16. 16. Customer retention Proven ways to keep people around <ul><li>Customize email content: personalization builds relationship </li></ul><ul><li>Customize landing pages: one size does not fit all </li></ul><ul><li>Leverage customer data: to modify and target offerings </li></ul><ul><li>Ask, ask, ask: request more info, with clear reason why </li></ul><ul><li>Dialogue: make it easy to reach a real person </li></ul><ul><li>Opinions: ask people what they think, surveys w/incentives </li></ul><ul><li>Unhappy: respond quickly to any customer dissatisfaction </li></ul><ul><li>Be personal: unique and uniform tone—people not corporations </li></ul><ul><li>Incentives: some kind of value-add, not just for newbies </li></ul><ul><li>Triggered incentives: such as coupons after $XX spent </li></ul><ul><li>Question: ask why established customer leaves, incentives too </li></ul>Twitter – #eMwebinar
  17. 17. Email marketing’s central theme: improving long-term customer relationships
  18. 18. Customer relationships are more than a cliché—nurture them over time
  19. 19. Trust and loyalty go together in all relationships, even commercial ones—and especially with email
  20. 20. Marketing that people trust : Email always on top (and bottom)
  21. 21. Build and Maintain Effective Lists (more data, more complex)
  22. 22. Tips to grow and sustain a strong email marketing list <ul><li>Submission does not equal subscription: confirm it with double opt-in and secure code </li></ul><ul><li>Check back in periodically: with your inactive subscribers </li></ul><ul><li>Make it easy: include link to subscription administration center that’s more than just unsubscribe </li></ul><ul><li>Be consistent: always send from the same address </li></ul><ul><li>Provide a real email address: for feedback or general uses </li></ul><ul><li>Provide a real-world address: to encourage confidence </li></ul><ul><li>Quality over quantity: to increase deliverability </li></ul><ul><li>Respect data: that shows your emails are not of interest </li></ul><ul><li>Two-way street: Acknowledge all subscription changes </li></ul>Twitter – #eMwebinar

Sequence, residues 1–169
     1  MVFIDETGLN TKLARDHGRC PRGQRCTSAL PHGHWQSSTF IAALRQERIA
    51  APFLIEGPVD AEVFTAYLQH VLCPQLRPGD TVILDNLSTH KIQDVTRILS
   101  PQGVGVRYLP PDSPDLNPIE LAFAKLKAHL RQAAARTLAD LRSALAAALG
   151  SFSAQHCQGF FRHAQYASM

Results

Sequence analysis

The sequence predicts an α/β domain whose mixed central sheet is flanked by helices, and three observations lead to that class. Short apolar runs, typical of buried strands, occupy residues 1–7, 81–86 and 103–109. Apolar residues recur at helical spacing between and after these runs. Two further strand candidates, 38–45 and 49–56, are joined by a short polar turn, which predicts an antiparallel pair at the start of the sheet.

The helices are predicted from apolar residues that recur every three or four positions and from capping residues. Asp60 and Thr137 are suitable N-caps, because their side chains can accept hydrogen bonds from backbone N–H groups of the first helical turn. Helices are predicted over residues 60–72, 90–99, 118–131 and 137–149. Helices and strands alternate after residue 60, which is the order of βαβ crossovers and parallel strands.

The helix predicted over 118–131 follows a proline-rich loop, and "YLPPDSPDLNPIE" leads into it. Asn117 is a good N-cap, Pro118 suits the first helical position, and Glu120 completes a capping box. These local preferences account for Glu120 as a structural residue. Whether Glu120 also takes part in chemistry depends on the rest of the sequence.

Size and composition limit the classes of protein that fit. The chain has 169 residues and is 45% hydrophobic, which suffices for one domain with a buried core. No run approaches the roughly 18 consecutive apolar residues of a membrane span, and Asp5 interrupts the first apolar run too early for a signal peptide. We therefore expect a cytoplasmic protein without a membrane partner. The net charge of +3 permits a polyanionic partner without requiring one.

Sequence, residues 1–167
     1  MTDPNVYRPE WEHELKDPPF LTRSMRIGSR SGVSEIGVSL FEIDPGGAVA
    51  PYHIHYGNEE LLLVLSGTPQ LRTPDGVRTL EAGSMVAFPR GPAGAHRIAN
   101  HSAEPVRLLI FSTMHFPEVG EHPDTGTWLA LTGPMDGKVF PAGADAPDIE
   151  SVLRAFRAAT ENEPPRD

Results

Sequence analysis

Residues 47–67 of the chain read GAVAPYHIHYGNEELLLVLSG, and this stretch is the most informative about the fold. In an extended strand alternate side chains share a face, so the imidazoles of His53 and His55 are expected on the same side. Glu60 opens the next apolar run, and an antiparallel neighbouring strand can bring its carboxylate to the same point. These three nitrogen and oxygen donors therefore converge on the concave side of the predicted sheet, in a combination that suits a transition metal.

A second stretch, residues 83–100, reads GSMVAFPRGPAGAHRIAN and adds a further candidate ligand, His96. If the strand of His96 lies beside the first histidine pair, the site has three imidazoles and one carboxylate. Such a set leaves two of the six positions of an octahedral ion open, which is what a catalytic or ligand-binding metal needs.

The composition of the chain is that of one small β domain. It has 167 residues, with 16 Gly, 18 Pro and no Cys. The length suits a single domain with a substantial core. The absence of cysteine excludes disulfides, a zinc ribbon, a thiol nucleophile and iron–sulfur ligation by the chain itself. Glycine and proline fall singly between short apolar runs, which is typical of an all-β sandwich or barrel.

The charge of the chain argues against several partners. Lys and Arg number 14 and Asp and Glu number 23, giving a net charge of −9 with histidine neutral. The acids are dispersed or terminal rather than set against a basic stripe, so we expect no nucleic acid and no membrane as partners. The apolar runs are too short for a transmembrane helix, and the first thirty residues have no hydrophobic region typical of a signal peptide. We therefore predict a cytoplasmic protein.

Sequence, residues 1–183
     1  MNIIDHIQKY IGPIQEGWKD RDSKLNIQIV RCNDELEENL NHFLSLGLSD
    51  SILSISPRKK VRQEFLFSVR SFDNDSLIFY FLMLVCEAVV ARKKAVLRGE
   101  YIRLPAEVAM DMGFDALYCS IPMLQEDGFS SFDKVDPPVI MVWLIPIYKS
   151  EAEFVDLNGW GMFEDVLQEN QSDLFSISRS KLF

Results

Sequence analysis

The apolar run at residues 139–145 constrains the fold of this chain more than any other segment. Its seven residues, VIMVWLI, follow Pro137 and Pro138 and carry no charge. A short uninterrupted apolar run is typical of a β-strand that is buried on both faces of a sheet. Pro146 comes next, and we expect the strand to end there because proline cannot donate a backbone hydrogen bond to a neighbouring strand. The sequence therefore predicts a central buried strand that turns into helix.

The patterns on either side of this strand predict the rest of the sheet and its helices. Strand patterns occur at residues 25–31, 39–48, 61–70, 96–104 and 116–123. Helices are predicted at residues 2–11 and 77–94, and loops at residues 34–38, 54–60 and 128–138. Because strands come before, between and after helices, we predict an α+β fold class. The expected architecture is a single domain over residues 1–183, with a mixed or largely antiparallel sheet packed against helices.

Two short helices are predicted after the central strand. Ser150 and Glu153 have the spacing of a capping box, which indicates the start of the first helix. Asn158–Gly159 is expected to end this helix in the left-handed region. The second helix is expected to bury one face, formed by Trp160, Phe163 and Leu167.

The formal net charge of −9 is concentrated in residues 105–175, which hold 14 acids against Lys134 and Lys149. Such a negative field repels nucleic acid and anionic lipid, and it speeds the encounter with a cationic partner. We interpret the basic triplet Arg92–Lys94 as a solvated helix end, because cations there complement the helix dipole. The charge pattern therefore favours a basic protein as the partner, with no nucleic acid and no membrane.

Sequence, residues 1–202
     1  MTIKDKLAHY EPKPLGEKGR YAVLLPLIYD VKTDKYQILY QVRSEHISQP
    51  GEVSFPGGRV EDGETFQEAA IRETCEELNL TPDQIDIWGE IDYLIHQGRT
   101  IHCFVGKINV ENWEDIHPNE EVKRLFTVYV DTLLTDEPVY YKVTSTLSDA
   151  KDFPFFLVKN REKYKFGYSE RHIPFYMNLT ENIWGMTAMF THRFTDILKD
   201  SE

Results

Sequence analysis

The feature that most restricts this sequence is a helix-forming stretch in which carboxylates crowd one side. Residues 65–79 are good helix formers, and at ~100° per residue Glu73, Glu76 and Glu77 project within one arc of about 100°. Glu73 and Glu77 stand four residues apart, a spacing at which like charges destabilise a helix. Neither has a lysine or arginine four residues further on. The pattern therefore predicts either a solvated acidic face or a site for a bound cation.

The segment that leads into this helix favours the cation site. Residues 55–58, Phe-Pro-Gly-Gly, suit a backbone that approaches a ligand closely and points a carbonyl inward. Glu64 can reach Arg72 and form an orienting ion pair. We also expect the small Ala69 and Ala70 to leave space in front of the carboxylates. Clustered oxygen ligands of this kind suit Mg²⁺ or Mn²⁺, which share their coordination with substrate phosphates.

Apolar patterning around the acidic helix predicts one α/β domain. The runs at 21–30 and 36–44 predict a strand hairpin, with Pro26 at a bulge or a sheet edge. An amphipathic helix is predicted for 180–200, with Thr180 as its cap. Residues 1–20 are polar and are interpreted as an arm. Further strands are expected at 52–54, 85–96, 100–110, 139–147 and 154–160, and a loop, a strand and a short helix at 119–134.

23. 23. Top metrics marketers use to gauge their interactive performance 55% in study cited building opt-in email lists as a top interactive marketing goal in 2011
  24. 24. Email list data quality reaches peak with full-scale opt-in (a committed audience) Single Opt-In Affiliate Network or Forward to Friend Purchased List or List Rentals Double or Confirmed Opt-In
  25. 25. Email marketing tactics that best build opt-in lists
  26. 26. Pre-populating sign-up check boxes undercuts opt-in’s vitality
  27. 27. Pre-checking opt-in boxes may sacrifice quality for quantity
  28. 28. Slow and steady—don’t ask for too much info at once. Get it over time instead
  29. 29. Multistep registration helps attract new subscribers
  30. 30. Maintaining good lists typically requires regular check-ups with customers
  31. 31. Main reasons internet users delete emails without ever opening them
  32. 32. Well-maintained email lists drive greater deliverability
  33. 33. Create Relevant Emails (segmentation and targeting)
  34. 34. How do you get people’s attention when so many are sick and tired of marketing messages?